Bug 167873 - cron jobs fail to run after fiddling around in pam.d
cron jobs fail to run after fiddling around in pam.d
Product: Fedora
Classification: Fedora
Component: vixie-cron (Show other bugs)
i386 Linux
medium Severity medium
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Assigned To: Marcela Mašláňová
Brock Organ
: FutureFeature
Depends On:
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Reported: 2005-09-09 00:18 EDT by Paul Johnson
Modified: 2007-11-30 17:11 EST (History)
0 users

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Fixed In Version:
Doc Type: Enhancement
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Last Closed: 2006-09-08 09:11:02 EDT
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Description Paul Johnson 2005-09-09 00:18:47 EDT
From Bugzilla Helper:
User-Agent: Mozilla/5.0 (X11; U; Linux i686; en-US; rv:1.7.10) Gecko/20050720 Fedora/1.0.6-1.1.fc4 Firefox/1.0.6

Description of problem:
My pam stack was modified to allow LDAP authentication and pam_mount of a network share.  I made the changes to /etc/pam.d/system-auth first with system-config-authentication, and then manually added the part for pam_mount.  I just found out that that the changes make cron fail to start because cron is now "pam aware."  I call this a security issue because users (like me) will assume that the  yum automatic update would work, but it fails.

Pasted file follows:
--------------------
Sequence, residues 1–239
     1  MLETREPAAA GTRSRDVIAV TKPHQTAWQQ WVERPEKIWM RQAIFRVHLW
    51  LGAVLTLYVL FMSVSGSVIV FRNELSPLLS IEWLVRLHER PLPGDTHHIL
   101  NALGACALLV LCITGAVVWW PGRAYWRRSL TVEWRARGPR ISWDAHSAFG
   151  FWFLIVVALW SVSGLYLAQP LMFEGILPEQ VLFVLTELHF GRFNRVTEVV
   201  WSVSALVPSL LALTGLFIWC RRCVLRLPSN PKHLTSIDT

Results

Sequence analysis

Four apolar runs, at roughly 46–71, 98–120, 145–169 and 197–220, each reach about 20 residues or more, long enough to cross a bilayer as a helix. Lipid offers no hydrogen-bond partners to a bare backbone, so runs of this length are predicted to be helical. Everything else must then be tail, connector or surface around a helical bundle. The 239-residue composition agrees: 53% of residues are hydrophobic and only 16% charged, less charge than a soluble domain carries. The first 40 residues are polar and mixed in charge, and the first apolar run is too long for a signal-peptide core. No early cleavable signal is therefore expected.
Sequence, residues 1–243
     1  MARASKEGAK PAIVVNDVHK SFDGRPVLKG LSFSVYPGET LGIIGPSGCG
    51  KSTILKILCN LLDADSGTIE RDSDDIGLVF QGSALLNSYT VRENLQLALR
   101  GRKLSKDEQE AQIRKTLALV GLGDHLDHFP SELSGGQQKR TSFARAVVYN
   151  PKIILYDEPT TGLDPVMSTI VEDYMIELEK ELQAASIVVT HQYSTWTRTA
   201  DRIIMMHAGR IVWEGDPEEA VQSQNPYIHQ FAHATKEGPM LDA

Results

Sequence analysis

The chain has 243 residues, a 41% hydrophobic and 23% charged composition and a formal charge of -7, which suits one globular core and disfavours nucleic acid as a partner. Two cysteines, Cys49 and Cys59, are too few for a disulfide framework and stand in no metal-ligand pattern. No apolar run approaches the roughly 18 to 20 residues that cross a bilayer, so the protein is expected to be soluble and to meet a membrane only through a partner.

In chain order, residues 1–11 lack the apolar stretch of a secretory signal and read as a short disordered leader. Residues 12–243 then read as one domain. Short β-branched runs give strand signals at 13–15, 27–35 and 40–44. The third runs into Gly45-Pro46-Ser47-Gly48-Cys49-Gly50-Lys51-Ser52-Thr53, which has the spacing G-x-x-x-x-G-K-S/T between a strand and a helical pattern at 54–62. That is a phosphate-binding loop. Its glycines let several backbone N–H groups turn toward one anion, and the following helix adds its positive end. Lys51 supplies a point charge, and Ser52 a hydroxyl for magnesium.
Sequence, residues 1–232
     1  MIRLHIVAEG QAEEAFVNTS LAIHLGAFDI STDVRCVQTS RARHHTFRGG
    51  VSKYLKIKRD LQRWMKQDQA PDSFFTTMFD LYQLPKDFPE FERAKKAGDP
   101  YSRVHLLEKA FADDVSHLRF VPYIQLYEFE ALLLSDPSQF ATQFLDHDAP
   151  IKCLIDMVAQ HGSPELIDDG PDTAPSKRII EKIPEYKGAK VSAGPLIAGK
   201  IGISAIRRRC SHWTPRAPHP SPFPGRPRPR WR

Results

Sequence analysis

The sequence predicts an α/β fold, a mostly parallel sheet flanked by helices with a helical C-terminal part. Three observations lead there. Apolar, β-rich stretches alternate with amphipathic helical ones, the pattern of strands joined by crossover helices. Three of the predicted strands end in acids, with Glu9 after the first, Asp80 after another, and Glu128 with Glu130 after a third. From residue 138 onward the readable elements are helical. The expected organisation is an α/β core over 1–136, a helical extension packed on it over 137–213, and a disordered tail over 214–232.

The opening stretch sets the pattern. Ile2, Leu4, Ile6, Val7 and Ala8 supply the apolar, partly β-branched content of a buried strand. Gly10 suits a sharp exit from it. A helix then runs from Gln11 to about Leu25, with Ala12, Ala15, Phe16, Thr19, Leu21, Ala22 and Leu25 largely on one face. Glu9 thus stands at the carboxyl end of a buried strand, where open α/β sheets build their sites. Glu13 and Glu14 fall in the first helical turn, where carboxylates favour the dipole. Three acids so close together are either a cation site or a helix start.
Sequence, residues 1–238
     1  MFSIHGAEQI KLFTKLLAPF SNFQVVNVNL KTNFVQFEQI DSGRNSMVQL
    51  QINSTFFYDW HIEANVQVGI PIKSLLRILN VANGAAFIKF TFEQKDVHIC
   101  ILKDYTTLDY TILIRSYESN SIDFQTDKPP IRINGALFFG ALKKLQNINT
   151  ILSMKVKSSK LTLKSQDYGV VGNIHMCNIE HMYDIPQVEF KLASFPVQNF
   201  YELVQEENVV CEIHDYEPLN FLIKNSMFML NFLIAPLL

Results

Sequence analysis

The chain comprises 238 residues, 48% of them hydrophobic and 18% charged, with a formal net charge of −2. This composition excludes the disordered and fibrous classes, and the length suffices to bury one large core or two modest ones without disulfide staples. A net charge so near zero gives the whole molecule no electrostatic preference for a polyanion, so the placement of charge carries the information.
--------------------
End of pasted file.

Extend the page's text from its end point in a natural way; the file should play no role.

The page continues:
I have been wrestling so much with the authentication that I did not notice the side effect on cron.  When I su to root, it works, but there's always a message to /var/log/secure because root is not found in the LDAP server.  Authentication falls back to the local files and succeeds, and so I figured all was well. But, it works only after failing to authenticate against the LDAP server, since there's no root user there. "su" goes through OK, but I guess the cron-pam thing is more fragile.

Here's the indication from /var/log/secure, every time when cron tries to run

Sep  1 18:01:01 pols11 crond[18092]: pam_mount: error trying to retrieve authtok from auth code
Sep  1 19:01:01 pols11 crond[18107]: pam_mount: error trying to retrieve authtok from auth code
Sep  1 20:01:01 pols11 crond[18122]: pam_mount: error trying to retrieve authtok from auth code
Sep  1 21:01:01 pols11 crond[18137]: pam_mount: error trying to retrieve authtok from auth code

Here's my modified system-auth. It has all this special mustard in there because 1) authenticate against a Novell LDAP server, 2) pam_mount shares for users found there, and 3) create home directories for users on the local machine who authenticate but do not have home directories.

# This file is auto-generated.
# User changes will be destroyed the next time authconfig is run.
account    sufficient     /lib/security/$ISA/pam_ldap.so
auth        required       /lib/security/$ISA/pam_mount.so
auth        required      /lib/security/$ISA/pam_env.so
auth        sufficient    /lib/security/$ISA/pam_ldap.so use_first_pass

auth        sufficient    /lib/security/$ISA/pam_unix.so likeauth nullok use_first_pass

auth        required      /lib/security/$ISA/pam_deny.so

account     required      /lib/security/$ISA/pam_unix.so broken_shadow
account     sufficient    /lib/security/$ISA/pam_localuser.so
account     sufficient    /lib/security/$ISA/pam_succeed_if.so uid < 100 quiet
account     [default=bad success=ok user_unknown=ignore] /lib/security/$ISA/pam_ldap.so